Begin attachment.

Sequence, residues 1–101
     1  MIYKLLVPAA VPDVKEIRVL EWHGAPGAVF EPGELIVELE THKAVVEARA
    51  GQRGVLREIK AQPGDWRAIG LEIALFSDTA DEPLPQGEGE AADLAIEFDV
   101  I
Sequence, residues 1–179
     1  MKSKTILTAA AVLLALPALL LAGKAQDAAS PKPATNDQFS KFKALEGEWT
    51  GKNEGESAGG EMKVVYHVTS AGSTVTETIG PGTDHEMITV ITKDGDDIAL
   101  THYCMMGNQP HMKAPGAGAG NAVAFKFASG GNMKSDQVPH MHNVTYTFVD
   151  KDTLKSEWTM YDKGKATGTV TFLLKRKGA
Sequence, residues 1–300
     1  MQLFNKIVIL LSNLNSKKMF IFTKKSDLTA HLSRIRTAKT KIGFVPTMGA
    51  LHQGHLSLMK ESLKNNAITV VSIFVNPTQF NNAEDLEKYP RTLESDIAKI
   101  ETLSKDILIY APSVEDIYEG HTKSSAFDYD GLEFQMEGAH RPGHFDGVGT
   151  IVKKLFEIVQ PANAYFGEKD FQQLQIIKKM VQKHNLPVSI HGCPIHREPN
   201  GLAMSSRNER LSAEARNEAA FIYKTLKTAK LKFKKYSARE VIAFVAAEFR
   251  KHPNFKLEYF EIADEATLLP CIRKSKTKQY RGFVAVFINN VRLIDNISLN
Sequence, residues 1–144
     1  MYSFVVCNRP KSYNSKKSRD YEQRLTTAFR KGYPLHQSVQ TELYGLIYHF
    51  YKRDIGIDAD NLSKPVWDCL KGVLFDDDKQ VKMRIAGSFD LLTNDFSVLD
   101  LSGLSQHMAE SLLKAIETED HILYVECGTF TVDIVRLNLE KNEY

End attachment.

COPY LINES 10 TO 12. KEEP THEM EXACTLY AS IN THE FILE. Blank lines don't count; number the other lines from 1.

Sequence, residues 1–300
     1  MQLFNKIVIL LSNLNSKKMF IFTKKSDLTA HLSRIRTAKT KIGFVPTMGA
    51  LHQGHLSLMK ESLKNNAITV VSIFVNPTQF NNAEDLEKYP RTLESDIAKI